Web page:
The British Columbia government has launched two websites aimed at giving the public easier access to its information, prompting mildly positive reviews from transparency advocates.
The websites, launched Tuesday, are part of the province's "open-government" strategy, with the Premier promising a culture of accountability in which the program will expand over time.
An open-data website includes nearly 2,500 databases, all available for downloading in digital formats that can be easily analyzed. They include everything from birth rates and cancer statistics to detailed budget figures.
The second website will feature freedom-of-information requests - documents such as audits and internal communications released to members of the public, journalists and political parties.
"We're spending people's money, we're making decisions on behalf of people who've entrusted us with their money and information, and I think we have an obligation to make sure that as much of that information is available to the public," Premier Christy Clark said Tuesday after the launch.
"This is very much a work in progress."
The websites are starting amid calls from within B.C. and across the country for governments to adopt more open policies. The federal government has announced its own open-data initiative.
Advocates say governments should voluntarily release as much information to the public as possible in formats that can be used with a widely available computer software.
All of the databases on B.C.'s open-data site were available before, sometimes buried deep in obscure government websites. The new site acts as a central clearing house to make them more accessible.
Stephanie Cadieux, the Minister of Labour, Citizens' Services and Open Government, said public servants have been told to look for more databases that can be added.
"Premier Christy Clark did issue a directive to government that open data and information needs to become the norm now, so that means that ministers are being asked to harness the new technologies and put information about their operations and their decisions online," Ms. Cadieux said in an interview.
The freedom-of-information site follows controversy surrounding BC Ferries, a former Crown corporation that was recently added to the province's freedom-of-information regime.
BC Ferries posted documents to its website at the same time they were sent to requesters, prompting journalists who submitted such requests to complain they should be able to see documents before they're released. The province's information commissioner recommended a delay before documents are released to the public.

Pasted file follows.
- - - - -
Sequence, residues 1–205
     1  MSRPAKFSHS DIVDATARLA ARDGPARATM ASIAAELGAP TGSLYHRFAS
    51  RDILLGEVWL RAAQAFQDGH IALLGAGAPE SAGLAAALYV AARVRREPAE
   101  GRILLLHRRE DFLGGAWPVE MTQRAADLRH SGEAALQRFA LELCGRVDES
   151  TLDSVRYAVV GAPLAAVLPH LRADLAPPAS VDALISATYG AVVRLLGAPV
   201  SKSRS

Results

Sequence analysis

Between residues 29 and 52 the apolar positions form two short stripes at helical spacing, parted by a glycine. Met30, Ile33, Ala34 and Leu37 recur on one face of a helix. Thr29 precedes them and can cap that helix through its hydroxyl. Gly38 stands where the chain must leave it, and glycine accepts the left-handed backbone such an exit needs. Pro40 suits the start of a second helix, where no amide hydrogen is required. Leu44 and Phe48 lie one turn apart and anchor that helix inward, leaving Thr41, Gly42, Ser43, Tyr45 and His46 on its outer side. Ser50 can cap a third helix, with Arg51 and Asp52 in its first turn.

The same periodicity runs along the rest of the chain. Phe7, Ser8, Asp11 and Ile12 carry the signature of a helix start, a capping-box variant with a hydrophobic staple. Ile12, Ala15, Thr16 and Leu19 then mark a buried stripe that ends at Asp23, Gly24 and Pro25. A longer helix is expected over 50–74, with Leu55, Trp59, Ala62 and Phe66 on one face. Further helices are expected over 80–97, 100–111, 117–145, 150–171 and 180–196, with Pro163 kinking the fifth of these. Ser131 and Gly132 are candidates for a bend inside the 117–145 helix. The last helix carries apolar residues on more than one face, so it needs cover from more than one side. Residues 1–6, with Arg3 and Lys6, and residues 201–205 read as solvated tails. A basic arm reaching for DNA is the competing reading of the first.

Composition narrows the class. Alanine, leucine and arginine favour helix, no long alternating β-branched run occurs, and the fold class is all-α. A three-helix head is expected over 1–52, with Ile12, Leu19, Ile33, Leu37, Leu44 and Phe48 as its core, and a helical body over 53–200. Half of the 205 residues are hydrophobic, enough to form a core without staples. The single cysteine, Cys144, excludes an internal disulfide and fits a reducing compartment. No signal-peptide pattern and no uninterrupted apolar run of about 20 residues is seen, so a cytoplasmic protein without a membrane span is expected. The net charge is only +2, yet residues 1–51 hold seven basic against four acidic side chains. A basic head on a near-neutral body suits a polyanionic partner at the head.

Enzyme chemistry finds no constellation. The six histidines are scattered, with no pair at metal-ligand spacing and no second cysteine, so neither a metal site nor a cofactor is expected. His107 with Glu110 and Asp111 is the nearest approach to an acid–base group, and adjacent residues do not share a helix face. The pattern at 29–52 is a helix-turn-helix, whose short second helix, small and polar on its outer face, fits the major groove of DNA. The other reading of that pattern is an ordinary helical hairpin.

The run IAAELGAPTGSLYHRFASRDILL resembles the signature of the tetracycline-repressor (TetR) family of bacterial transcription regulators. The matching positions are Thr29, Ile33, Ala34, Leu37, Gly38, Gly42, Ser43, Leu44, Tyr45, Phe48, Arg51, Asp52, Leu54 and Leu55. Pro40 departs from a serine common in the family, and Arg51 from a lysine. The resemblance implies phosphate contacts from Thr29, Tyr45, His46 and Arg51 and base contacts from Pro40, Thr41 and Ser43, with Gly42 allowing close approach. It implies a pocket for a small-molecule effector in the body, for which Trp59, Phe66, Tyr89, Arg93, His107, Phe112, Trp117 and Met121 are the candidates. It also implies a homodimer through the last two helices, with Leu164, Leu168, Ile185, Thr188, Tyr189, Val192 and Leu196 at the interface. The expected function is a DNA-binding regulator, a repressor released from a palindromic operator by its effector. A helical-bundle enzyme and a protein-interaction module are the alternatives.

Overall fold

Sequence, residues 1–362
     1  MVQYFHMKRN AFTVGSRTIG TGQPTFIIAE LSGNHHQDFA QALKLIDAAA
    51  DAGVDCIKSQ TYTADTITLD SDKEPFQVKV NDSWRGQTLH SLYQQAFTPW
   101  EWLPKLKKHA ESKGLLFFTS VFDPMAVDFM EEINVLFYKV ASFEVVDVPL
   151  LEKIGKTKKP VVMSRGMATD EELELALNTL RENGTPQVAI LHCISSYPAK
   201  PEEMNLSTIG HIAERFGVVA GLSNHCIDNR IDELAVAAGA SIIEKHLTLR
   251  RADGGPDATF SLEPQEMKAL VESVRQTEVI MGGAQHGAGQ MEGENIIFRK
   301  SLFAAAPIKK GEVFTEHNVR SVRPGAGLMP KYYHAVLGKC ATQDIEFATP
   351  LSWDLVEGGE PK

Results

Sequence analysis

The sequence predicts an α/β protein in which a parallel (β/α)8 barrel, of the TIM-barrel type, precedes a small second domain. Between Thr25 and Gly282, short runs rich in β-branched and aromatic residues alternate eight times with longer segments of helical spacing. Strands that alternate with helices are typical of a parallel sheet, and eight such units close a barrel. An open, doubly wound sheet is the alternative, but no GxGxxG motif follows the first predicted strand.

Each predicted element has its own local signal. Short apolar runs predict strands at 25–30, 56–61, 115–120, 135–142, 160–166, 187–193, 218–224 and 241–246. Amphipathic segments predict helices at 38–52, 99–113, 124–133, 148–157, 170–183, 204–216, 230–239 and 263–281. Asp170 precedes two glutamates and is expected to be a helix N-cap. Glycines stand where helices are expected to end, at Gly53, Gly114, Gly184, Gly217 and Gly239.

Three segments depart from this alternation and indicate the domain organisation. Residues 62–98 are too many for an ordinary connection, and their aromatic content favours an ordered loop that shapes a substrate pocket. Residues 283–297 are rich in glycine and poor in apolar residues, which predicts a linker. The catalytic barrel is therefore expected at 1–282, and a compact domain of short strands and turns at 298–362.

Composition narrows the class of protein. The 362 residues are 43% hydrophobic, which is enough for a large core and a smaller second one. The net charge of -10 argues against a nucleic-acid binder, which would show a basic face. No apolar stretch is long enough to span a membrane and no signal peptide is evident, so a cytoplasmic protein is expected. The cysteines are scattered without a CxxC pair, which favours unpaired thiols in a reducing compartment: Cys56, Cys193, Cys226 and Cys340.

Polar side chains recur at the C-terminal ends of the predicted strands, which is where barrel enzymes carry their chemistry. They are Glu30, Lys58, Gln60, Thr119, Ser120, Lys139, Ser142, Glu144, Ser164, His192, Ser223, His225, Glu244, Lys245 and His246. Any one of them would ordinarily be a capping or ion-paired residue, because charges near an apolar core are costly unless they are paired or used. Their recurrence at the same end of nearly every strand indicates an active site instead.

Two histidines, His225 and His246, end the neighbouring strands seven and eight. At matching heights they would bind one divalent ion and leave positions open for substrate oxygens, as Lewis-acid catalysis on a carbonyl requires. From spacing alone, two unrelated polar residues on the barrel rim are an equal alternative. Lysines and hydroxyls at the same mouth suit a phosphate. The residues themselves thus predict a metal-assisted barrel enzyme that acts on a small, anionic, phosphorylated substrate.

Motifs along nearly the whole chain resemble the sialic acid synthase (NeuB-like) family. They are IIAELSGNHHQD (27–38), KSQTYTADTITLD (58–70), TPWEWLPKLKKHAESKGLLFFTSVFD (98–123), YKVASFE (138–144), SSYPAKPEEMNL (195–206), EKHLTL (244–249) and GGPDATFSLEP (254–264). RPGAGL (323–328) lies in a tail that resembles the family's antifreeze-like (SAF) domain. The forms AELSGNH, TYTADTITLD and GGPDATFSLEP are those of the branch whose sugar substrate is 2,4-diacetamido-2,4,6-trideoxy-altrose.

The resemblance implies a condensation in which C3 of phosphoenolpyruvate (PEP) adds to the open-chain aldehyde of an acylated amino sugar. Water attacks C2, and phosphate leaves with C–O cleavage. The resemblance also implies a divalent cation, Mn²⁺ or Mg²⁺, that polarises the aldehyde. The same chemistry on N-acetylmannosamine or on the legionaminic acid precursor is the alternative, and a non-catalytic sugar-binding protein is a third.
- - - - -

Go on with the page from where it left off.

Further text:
Documents from freedom-of-information requests will appear on the new website between three and five days after they're sent to the original requester.
Information and Privacy Commissioner Elizabeth Denham said she was encouraged by what she saw.
"I'm very excited, I think this is a very promising milestone for open information and open data," Ms. Denham said.
Still, she cautioned that the Web launch should be seen only as a starting point.
Ms. Denham has called for the province to disclose records such as government contracts, cabinet ministers' calendars, internal audits and detailed travel expenses for politicians and their top bureaucrats.
The province still doesn't release routinely contracts, calendars or audits. The government recently started posting travel expenses, but they only include totals rather than a breakdown of how the money was spent.
"Those are records that are quite often requested by British Columbians, so I would like to see them proactively disclosed," she said. "That would prevent the need for citizens to go through fairly long and involved access-to-information requests."
Ms. Denham plans to review the province's performance when it comes to voluntarily releasing documents and ensuring freedom-of-information requests are filled with as few redactions as possible. She expects to report back next year.
Vincent Gogolek of the B.C. Freedom of Information and Privacy Association, said he, too, was encouraged by the open-government websites, but he echoed Ms. Denham's call for more routine disclosure.
"It's more than cosmetic, this is not just pure fluff, but they still have work to do," Mr. Gogolek said.
"It's very easy to put out information that doesn't have any negative consequences for you. The hard part is putting the stuff out when it doesn't make you look so good, but that's part of transparency, that's part of accountability."
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